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Clin Shoulder Elb > Volume 24(2); 2021 > Article
Song: The efficacy of repeated needling for calcific tendinitis of the rotator cuff
Treatment calcific tendinitis of the shoulder remains controversial, with continued debate on whether ultrasound-guided needling and/or lavage, subacromial corticosteroid injection, radial or focused extracorporeal shockwave therapy (ESWT) [1], or arthroscopic removal [2,3] provides optimal outcomes. A prospective randomized trial in 25 patients compared the effectiveness of ultrasound-guided needling and radial shockwave therapy [4]. Ultrasound needling resulted in less pain and faster resorption of calcifications after 6 weeks. However, no significant differences were found after 1 year. A systematic review compared ESWT, ultrasound-guided percutaneous lavage, subacromial corticosteroid injection, and combined treatments for of calcific tendinitis of the shoulder [5]. This meta-analysis suggested that combined ultrasound-guided needling and subacromial corticosteroid injection significantly decreased shoulder pain visual analog scale, improved Constant-Murley score and decreased the size of calcium deposits. Another systematic review concluded that high-energy focused ESWT was the best therapy in terms of functional recovery [6].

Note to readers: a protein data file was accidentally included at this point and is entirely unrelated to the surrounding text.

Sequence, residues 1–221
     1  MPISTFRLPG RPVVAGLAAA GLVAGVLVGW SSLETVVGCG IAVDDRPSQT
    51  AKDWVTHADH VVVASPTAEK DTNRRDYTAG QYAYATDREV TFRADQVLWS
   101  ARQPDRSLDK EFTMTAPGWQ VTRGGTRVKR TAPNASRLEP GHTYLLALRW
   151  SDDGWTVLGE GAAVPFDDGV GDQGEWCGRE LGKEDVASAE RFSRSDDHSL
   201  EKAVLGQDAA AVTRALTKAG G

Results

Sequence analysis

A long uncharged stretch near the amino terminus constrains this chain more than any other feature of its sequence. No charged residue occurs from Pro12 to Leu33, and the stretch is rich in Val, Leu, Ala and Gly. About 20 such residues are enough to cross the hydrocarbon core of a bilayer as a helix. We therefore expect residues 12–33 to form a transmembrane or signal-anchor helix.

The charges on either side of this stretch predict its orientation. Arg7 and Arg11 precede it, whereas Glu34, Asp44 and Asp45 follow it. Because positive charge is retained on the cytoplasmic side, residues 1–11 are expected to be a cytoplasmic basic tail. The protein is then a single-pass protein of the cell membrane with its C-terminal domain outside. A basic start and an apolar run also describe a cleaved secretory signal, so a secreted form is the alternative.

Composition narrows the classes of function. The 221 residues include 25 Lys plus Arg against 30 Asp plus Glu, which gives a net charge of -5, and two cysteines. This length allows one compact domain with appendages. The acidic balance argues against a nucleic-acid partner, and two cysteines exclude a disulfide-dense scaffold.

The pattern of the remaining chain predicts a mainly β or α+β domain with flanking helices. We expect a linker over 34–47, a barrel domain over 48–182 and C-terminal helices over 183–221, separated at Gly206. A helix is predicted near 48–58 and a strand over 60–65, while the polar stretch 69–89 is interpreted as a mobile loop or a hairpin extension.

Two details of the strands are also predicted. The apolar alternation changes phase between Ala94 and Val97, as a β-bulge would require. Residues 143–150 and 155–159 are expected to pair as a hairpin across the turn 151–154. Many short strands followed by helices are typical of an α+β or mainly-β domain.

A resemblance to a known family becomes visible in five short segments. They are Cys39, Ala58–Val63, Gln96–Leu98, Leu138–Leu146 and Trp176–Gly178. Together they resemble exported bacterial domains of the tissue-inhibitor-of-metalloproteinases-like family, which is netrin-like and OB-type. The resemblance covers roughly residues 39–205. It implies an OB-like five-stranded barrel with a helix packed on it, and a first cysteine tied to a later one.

There is little evidence regarding the prognostic factors of each modality. Chou et al. [1] reported that a poor prognosis of ESWT for calcific tendinitis was significantly related to Gartner type I calcification, calcification extent >15 mm and a duration of symptoms >11 months.
Kim et al. [7] reported the clinical outcomes of single (84 cases) and multiple (14 cases) ultrasound-guided injection for calcific tendinitis. All functional scores were significantly improved at the final visit. The group with repeated ultrasound-guided needle decompression of calcific deposits showed worse pain and subjective satisfaction compared to the group that received a single ultrasound-guided needle decompression. At 2 months after the initial needling and injection, ultrasound-guided needling was repeated up to three times if the patient had persistent symptoms and calcific deposits on plain radiography. However, the authors could not determine which poor prognostic factors were associated with repeated needling and injection. These repeated lavage and injections could not be appropriate for these poor prognostic cases. What would the outcome have been at final follow-up if repeated injections had not been undertaken 2 months after the initial injection?
Ultrasound-guided lavage and corticosteroid injection can relieve symptoms and have a role in decreasing calcific deposits. However, multiple needling of the calcific tendinitis can also cause complications. Complications of needling of calcific deposits include injury or tear of the tendon and infection. There are no strict indications for repeated injection. Repeating lavage and corticosteroid injections until the calcific deposits resolve completely is not recommended. Because of the lack of evidence regarding the efficacy, the risks and benefits of repeated needling (lavage) and injection should be carefully considered.


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